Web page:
Tuesday, October 20, 2020

Palestinian annual olive harvest, a struggle to survive

By Leona Vicario - November 07, 2013
Section: [Main News] [Life under Occupation] [Features]
Tags: [Olive Trees] [economy] [Settlers attacks]

Photo by Dylan Collins.

Every year, throughout October and November, Palestinians carry out an ancestral tradition: the olive harvest. Palestinians farmers along with their relatives, friends and international supporters begin picking olives from the eight and a half million productive olives trees that bring economic sustenance to around 100,000 families in West Bank.

"The home of the olive tree is Palestine," states the Minister of Agriculture, Walid Assaf, during an interview with the Palestine Monitor. "The Palestinians have been living here with the olive tree during the history. Actually, we have been living through it," he explains when asked about the meaning of the olive tree for Palestinians.

Apart from being a national symbol related to Palestinian culture and its wisdom of peace and sovereignty over the land, it is also considered as a strategic tree: "we depend on this tree through the oil, the olives, za'atar, its wood, etc." Assaf explains.

For Palestinians, the olive tree is not only a national and cultural symbol, but a vital of their everyday subsistence. “We depend on this tree through (sic) the oit, the olives, Za’atar, its wood, etc.” Assaf explains.

Olive trees provide sustenance, give a boost to the development of the domestic economy and are considered to be the center of many important family events."As the Bedouins count their wealth regarding to the amount of sheep that they have, Palestinians do the same with the olive oil,"says Assaf. "The money that they get from the oil is destined to do something important for their lives: pay the University fees, build the houses or even people organize the weddings after the season of the olive."

During this year alone, settlers and Israeli soldiers have uprooted more than 4,000 olive trees within the West bank

In the past, the West Bank headed up the production of this golden liquid in the region, annually exporting more than 3,000 tons of oil to Gaza, Jordan, Gulf countries as well as to some Palestinians within present-day Israel, according to ministerial sources.  After a good olive season, West Bank used to be able to export more than 15,000 tons after keeping oil enough to meet domestic consumption and storage needs.

"But things have changed," remarks Assaf. "Now Syria, the fourth largest producer in the world, is leading the production in the region, although they cannot export due to the current situation in the country. And Jordan, which used to be our customer, is producing more than us."

This year is expected to be a bad harvest. Although an estimated 12,000 tons of oil will be produced by the end of the season, an amount which is added to the approximated 3,000 tons left over from previous years, about 10,000 tons will be needed for domestic consumption, leaving only 5,000 tons of oil available for export.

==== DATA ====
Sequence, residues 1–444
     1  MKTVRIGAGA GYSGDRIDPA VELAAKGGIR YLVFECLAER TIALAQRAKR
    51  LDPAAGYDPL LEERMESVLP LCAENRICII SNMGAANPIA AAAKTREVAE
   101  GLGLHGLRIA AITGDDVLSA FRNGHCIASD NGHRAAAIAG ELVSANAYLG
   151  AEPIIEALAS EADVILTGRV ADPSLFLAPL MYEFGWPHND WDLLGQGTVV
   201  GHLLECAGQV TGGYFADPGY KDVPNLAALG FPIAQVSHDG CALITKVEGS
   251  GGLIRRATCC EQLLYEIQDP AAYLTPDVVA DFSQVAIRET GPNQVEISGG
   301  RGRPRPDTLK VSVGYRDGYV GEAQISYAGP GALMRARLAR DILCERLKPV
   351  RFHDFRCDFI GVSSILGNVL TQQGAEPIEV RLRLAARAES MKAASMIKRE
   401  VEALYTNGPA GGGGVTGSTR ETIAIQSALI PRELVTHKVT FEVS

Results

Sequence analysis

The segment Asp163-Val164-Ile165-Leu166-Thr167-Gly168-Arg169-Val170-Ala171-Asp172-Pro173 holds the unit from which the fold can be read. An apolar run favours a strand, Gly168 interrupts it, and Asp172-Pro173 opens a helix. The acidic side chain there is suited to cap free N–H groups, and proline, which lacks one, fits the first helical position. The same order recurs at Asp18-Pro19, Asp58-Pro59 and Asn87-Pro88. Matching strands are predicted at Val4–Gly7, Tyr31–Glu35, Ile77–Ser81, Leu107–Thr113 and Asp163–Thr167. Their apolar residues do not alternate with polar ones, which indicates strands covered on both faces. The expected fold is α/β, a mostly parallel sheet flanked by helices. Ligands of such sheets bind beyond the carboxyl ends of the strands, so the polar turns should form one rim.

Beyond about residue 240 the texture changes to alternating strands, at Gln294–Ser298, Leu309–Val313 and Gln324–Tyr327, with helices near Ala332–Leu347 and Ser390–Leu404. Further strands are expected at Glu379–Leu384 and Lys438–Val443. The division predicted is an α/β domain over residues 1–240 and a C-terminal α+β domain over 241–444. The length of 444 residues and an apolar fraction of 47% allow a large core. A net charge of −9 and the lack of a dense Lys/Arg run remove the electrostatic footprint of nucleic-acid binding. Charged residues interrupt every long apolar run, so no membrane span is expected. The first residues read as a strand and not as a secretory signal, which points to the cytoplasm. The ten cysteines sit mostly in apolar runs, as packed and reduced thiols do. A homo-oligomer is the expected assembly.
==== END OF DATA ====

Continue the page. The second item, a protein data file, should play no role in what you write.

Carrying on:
According to Assaf, a decrease in demand has raised the price of the oil in the West Bank up to an average of 25 shekels per kilogramme, far above the the 12-17 shekels in 2012. When translated into monetary values, this year’s production of olive oil will bring 400 million NIS to the fragile domestic Palestinian economy. The Palestinian olive oil industry accounts for about 22% of direct and indirect employments in the domestic labour force.

"Most of the people living in the villages, they work during this season. A very important fact related to the olive tree is it that helps to reduce the poverty because some people are just able to find a job now," Assaf states. "The farmers will earn money to support their families at least for half of the year,” he says, but are forced to scrounge for part-time work during the off season.

Israel stifles the Palestinian agriculture

However, the viability of this traditional way of life is threatened by Israel’s occupation. "The occupation has changed everything," regrets the Minister of Agriculture, Walid Assaf.

In his own words, the construction of the Wall, the annexation and destruction of thousands of square kilometres of agricultural land and the restrictions imposed by Israel on Palestinian farmers’ access  to lands near the Wall and the settlements-some of whom are allowed just six hours a day, a few days a month—"have decreased the olives' productivity up to a 50 per cent, especially in the areas surrounded by settlements, where the farmers are losing the incomes because they are just producing the costs."